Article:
Ashweetha Shetty – TED Talk TRANSCRIPT
I was eight years old. I remember that day clearly like it happened just yesterday.
My mother is a bidi roller. She hand-rolls country cigarettes to sustain our family. She is a hard worker and spent 10 to 12 hours every day rolling bidis.
That particular day she came home and showed me her bidi-rolling wage book. She asked me how much money she has earned that week. I went through that book, and what caught my eyes were her thumbprints on each page.
My mother has never been to school. She uses her thumbprints instead of a signature to keep a record of her earnings. On that day, for some reason, I wanted to teach her how to hold a pen and write her name.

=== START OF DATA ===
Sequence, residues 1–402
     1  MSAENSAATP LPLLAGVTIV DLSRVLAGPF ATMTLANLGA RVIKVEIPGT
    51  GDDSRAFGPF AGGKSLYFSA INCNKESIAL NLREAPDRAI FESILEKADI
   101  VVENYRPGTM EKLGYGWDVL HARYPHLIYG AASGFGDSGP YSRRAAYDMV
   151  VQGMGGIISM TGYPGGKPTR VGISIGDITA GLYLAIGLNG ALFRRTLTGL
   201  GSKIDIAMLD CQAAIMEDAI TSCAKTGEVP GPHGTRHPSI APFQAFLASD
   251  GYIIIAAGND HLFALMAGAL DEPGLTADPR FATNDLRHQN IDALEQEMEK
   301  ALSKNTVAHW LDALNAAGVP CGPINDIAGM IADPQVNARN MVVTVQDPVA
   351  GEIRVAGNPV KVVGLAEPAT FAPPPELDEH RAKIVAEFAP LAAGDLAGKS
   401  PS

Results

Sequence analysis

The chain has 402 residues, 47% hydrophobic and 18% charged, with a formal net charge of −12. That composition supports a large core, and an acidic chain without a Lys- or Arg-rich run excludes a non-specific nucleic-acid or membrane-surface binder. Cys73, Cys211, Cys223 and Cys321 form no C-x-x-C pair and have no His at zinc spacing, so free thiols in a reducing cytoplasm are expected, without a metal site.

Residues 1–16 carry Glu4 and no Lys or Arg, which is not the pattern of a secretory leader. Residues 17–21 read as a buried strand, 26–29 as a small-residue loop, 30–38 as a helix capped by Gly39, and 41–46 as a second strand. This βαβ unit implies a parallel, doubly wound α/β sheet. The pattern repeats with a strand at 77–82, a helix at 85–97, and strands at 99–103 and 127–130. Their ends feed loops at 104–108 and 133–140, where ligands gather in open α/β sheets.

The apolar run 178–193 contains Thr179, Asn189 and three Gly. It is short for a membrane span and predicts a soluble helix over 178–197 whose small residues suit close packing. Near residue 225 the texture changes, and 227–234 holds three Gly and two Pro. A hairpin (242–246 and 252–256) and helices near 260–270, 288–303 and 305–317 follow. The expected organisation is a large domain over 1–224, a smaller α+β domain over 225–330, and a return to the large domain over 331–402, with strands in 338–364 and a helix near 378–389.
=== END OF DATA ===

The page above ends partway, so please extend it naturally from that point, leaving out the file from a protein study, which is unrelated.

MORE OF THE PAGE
She was reluctant at first. She smiled innocently and said no. But deep down, I was sure she wanted to give it a try. With a little bit of perseverance and a lot of effort, we managed to write her name. Her hands were trembling, and her face was beaming with pride.
As I watched her do this, for the first time in my life, I had a priceless feeling: that I could be of some use to this world. That feeling was very special, because I am not meant to be useful.
In rural India, girls are generally considered worthless. They’re a liability or a burden. If they are considered useful, it is only to cook dishes, keep the house clean or raise children.